Get the route on the Garmin & get on with the ride - it's a bike ride after all, not a map reading class.

Hear hear!

But we all know where this is going, don't we?

Man says he likes Old Thing That Has Been Supplanted For Certain Use Cases

Others agree with Man, recalling own experiences with Old Thing

Others build symbiotic self-congratulatory meme of shunning New Things

Yet Others point out that whilst Old Thing was Nice At The Time (with no alternative) the principle objective is better met with New Thing

Others restate that Old Thing was better than New Thing for additional or restated reasons, state that supporters of New Thing 'don't understand' / are somehow less [insert obliquely-derogatory inference here]

Yet Others back away slowly

Point of fact: 240km single-day ride around the Solent. About 200 intersections at least. Covering 5 different OS paper maps. Group average speed of 20kph needed, therefore minimising time spent navigating critical. Doing this with paper would be possible, but would require considerable time and attention, considerably more pre-planning/printing/writing, and fundamentally require at least one person to be constantly on-edge for the next turn/waypoint.

Sod that. Plan route online, load into phone, plug in external battery, press go. Just ride.

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Simon E [3299 posts] 3 years ago
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KiwiMike wrote:

Plan route online, load into phone, plug in external battery, press go. Just ride.

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Here's a nostalgia-free, future-proof, low-tech battery-independent alternative with zero faff suitable for all ages:

Don't plan route
Don't take mobile phone
Just ride.

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KiwiMike [1365 posts] 3 years ago
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Simon E wrote:
KiwiMike wrote:

Plan route online, load into phone, plug in external battery, press go. Just ride.

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Here's a nostalgia-free, future-proof, low-tech battery-independent alternative with zero faff suitable for all ages:

Don't plan route
Don't take mobile phone
Just ride.

Suitable for 'all ages'? really?

Leading a club run of 10+ people to a pre-advertised distant destination not visited before, on new roads.
Not wanting to end up with the only option being a 10-mile stretch of A-road, in the dark
Not wanting to get home 2 hours late to a seriously pissed spouse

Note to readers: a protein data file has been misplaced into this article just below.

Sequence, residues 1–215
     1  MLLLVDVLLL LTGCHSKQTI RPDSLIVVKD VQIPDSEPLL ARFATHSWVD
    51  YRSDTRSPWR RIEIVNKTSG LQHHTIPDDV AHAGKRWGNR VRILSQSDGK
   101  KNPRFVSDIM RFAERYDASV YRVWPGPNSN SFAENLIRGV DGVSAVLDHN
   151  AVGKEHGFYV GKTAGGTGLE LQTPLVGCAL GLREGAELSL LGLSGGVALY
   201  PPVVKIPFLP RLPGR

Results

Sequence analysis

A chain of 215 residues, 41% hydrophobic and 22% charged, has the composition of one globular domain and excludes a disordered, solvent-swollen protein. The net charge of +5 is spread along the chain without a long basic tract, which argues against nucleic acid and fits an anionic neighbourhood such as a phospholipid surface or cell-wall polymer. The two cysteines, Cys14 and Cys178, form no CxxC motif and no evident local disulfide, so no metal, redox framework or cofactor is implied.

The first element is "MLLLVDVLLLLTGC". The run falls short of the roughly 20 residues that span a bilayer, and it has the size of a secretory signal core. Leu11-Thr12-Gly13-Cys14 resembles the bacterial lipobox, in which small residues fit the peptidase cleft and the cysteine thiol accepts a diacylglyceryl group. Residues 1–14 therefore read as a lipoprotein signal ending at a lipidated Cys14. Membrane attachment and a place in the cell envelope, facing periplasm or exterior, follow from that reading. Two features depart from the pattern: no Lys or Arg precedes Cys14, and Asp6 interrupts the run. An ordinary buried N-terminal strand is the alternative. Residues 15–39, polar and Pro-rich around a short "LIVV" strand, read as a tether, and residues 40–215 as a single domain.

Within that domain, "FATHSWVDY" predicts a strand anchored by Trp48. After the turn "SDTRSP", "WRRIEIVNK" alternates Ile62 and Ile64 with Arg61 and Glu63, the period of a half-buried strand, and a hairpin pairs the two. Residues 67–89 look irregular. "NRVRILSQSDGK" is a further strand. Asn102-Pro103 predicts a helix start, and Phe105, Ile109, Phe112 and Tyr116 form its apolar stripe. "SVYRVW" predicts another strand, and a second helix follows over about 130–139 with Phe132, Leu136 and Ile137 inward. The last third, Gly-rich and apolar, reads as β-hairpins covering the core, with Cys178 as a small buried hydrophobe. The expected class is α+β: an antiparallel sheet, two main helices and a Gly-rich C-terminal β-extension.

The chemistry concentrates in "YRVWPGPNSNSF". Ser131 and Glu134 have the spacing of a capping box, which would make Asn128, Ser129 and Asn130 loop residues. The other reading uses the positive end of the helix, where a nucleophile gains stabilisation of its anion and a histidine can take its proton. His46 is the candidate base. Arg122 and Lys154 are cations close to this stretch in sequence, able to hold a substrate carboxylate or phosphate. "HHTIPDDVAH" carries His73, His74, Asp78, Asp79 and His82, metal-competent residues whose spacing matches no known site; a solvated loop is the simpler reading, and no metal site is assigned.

Not wanting to waste even 30 minutes of ride time faffing with paper/string beforehand
Not wanting to waste even 5 minutes of in-ride time getting said paper out, orienting it, using compass to triangulate position (if even possible), etc etc

Sounds like a lot of inevitable 'faff'. There is much less 'faff' involved in 5 minutes on Viewranger stringing together a 60-mile route, 10 seconds to sync to phone, another 20 seconds to get running/set screen to low/set auto-lock to off. I've lead hundreds of long rides over strange roads over the last 3 years using exactly this method. Apart from the odd 2-minute phone reboot, it's been bulletproof.

Seriously people, quit with all the 'things were so much better in my day' faux-hipster-Luddite bragging BS. They weren't. Things move on. Unless you also eschew every single technical innovation/evolution in cycling over the last 30 years, quit bagging GPS/mobile navigation. Jeeeeze....

p.s. anyone wanting to play the 'but half the beauty is getting lost and seeing roads you'd never ride' card - we ride very minor roads often not even marked on large-scale OS maps specifically *because* we plan and use online navigation. It *enables* discovery, not discourages it.

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dottigirl [818 posts] 3 years ago
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dafyddp wrote:

I use maps if out for a walk or climbing a mountain, but for the longer distances covered on a bike give me GPS every time. Just as I once poured over OS maps, I'm very happy these days to sit in front of Garmin Connect and plot out a new 80mile epic. Garmin's maps (based on Google I think) aren't as informative as an OS so many a time I've ended up riding along some god forsaken bridlepath, but frankly, that's just part of the adventure, and there's always the option of launching Google Streetview in a separate window to check out roads before hand.

My GPS is a very basic Garmin Edge 200 which only offers a minimal breadcrumb trail (that can't even differentiate between a bend in the road and a junction), but I quite like it that way.

I'm with Daf - most Saturday nights, I spend quite a bit of time on Strava, mapping a route for the following day. If it's new, I'll have a look at the junctions on StreetView. When you have ten or so cyclists of various ability following you, it's safer to have some idea of where you're going.

One of my regrets about a cycling trip in Italy is that I spent too much time squinting at inadequate maps and not enough time riding and enjoying the views.

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Stouty [1 post] 3 years ago
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A most excellent piece of writing. More of this please!